We compare the effectiveness of VQE, QAOA, VarQITE and F-VQE on the job shop scheduling problem (JSP). The JSP is a combinatorial optimization problem where jobs are assigned to time slots in a number of machines or processes in order to produce a final product at minimal cost. Typically costs are associated with delivery delays or reconfiguration of production processes between time slots. The JSP formulation considered herein was developed by Nippon Steel Corporation and applies to processes typical of steel manufacturing.

This article is structured as follows. Section 2 introduces the JSP formulation and the four VQA employed in this work, highlighting their similarities and differences. Section 3 analyses the performance of all VQA and shows results of scaling up F-VQE on hardware. We conclude in Sect. 4. Appendix A includes a derivation of the JSP formulation, App. B discusses the scaling of the JSP, App. C lists key properties of the quantum processors used for this work, and App. D provides several additional results from hardware experiments.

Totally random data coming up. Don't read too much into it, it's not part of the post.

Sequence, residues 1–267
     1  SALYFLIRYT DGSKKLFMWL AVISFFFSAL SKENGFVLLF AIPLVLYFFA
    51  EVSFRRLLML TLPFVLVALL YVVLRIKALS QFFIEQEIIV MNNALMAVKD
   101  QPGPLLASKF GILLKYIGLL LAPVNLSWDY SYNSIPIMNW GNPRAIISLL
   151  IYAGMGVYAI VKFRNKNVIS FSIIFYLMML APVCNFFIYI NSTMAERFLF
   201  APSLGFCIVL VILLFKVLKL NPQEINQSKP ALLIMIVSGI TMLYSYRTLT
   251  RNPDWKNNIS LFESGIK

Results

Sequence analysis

2 Methods

This section introduces the JSP and its mathematical formulation in Sects.2.1–2.2 and introduces the VQE, QAOA, VarQITE and F-VQE with our choices for the various settings of these algorithms in Sect. 2.3.

2.1 Job shop scheduling in a steel manufacturing process

The general JSP is the problem of finding an assignment—also called a schedule—of J jobs to M machines, where each job needs to be processed in a certain order across the machines. Each job can carry additional data such as due time or processing time. A JSP is typically described by two further components: processing characteristics and constraints and an objective. The processing characteristics and constraints encode the specifics of an application such as setup times of machines and job families or production groups. Typical examples of objectives to minimise include makespan (total completion time) or mismatch of the jobs’ completion and due times (for an overview of common scheduling formulations, see Ref. [26]).